Commenting on this halachah, Pitchei Teshuvah (YD 265:18) cites Shu”t Makom Shmuel (80; p. 85b) who quotes Sharvit Zahav who states that his teachers would object to a shamash going from house to house to invite people to a brit because of the possibility that someone would not attend and then be considered excommunicated, God forbid (Rabbi David Lida, d. 1697, Central/Eastern Europe; his own commentary to his work on circumcision, Sod Hashem; p. 15a in 5574 ed., p. 46 in 5762 ed.).11 Rather, he preferred that people should simply be informed when and where the brit will take place.
At around the same time, Rabbi Yaakov Culi (d. 1732) wrote similarly (Me’am Loez, Bereishit 17:9 [p. 141-2 in English ed.]) in Turkey: “If a person is invited to a circumcision feast, he must rush to attend. If he refuses, he is considered as if he were excommunicated from on High. . . . Furthermore, if a king invites a person to a feast, he cannot refuse to go. The same is true of this feast, where Elijah is the host. Some people say not to invite them, since something might come up, preventing them from attending.” Rabbi Yaakov Emden (d. 1776, northern Europe) similarly wrote (Migdal Oz, 9:16:5) that one should not invite an individual to a brit if you know he can’t come, because of geneivat da’at and because it can result in his being “as if excommunicated.”
Essentially, this Gemara in Pesachim is stating that if one refuses to attend a festive meal that is a seudat mitzvah because he regards it as a waste of time, he deserves excommunication because of his disrespect for observing mitzvot. This would not apply if, for example, he has a valid reason not to attend, as seen below.
Tosafot (Pesachim 114a s.v. v’ein) says that excommunication only applies if there will be “upright people in attendance.” He draws support for this from the Talmudic statement (Sanhedrin 23a) that the pious of Yerushalayim would only attend a feast if they knew who else would be in attendance, and the Rema (YD 265:12) incorporated this ruling of Tosafot. The Aruch HaShulchan (YD 265:37) mentions the custom of not inviting guests to a brit and notes that unfortunately, in his day, not attending a brit after being invited was not much of a concern because it was likely there would be unworthy people at the meal; nonetheless, he encourages attending a brit. Biur Halachah (170 s.v. lo) observes that people today are not careful about the halachah of sitting among upright individuals and not among the unscrupulous; on the contrary, he encourages upstanding and honorable people to sit with others who may be less so, and positively influence them.12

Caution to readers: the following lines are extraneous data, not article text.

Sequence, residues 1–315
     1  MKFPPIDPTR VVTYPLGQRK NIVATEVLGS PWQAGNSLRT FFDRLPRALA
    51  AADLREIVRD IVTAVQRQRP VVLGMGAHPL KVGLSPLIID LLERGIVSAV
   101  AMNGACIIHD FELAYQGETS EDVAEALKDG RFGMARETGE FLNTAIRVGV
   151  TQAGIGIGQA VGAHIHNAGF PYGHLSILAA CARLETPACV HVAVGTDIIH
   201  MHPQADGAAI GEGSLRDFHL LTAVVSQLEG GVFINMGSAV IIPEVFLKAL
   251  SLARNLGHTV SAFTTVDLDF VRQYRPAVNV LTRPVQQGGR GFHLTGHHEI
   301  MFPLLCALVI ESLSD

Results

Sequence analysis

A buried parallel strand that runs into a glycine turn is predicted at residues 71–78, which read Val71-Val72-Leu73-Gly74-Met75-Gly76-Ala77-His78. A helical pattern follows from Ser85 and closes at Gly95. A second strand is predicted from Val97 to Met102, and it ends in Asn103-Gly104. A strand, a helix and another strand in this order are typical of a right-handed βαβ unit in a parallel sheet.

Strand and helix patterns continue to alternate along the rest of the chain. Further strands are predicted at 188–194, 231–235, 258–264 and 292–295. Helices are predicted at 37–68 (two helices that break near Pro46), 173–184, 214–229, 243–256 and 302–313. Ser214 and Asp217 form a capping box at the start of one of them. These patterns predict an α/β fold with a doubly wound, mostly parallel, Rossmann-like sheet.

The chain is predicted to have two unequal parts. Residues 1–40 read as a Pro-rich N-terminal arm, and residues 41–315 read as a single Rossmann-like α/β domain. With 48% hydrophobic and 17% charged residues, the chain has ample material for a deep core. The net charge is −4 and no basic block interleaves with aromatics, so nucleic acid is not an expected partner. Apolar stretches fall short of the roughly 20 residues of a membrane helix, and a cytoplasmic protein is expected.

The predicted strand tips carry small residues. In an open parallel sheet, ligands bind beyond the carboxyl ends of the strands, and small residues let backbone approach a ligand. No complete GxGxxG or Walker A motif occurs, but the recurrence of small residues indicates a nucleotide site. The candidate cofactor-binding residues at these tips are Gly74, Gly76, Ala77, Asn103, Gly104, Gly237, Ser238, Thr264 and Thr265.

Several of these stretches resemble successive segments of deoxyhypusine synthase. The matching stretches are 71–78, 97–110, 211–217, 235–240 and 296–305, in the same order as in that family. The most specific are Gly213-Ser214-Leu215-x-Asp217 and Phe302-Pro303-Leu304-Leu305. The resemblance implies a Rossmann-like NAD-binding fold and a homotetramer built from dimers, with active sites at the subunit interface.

Rabbi Rachamim Nissim Yitzchak Palagi (son of Rabbi Chaim Palagi; 1813–1907, Izmir) limits the obligation to attend a brit. He cites, for example (Yafeh La’lev 265:12 ), that the obligation may only apply if there is no minyan without his presence, although the Shlah, quoted by Magen Avraham (249:6), seems to disagree with this. Rabbi Palagi also observes (Yafeh La’lev 265:12 ) that in his time, people would often not attend a feast at a brit even if invited, and he states that it was explained to him that many parents feel compelled to issue invitations due to social etiquette, but often truly prefer that not everyone attend.
In explaining the Gemara’s reference to excommunication, Rabbi Moshe Feinstein (Iggerot Moshe, OC 2:95) notes that there is no such consequence for not attending a wedding feast. He then states that although the Gra seems to question why it only applies to a brit, the Rema maintained that it applies exclusively to a brit. Rav Moshe felt that there is an obligation for one to attend a wedding (maybe even uninvited) and bring joy to the bride and groom, whereas he felt that no such obligation exists with regard to a brit. The excommunication in the case of a brit, Rav Moshe states, is not because of the obligation to attend every brit but because you are rejecting participating in a mitzvah that you were personally invited to participate in. Rav Moshe is quoted (Masoret Moshe, ed. Rabbi Mordechai Tendler, 5773, p. 321, item 251) as saying that excommunication is the consequence only if one received a personal invitation, but if there was a general invite, such as an announcement after the ceremony that everyone is invited to the seudah, it is less of a concern. Nonetheless, he says, it is preferable to simply announce, for example, that the meal will be in the social hall.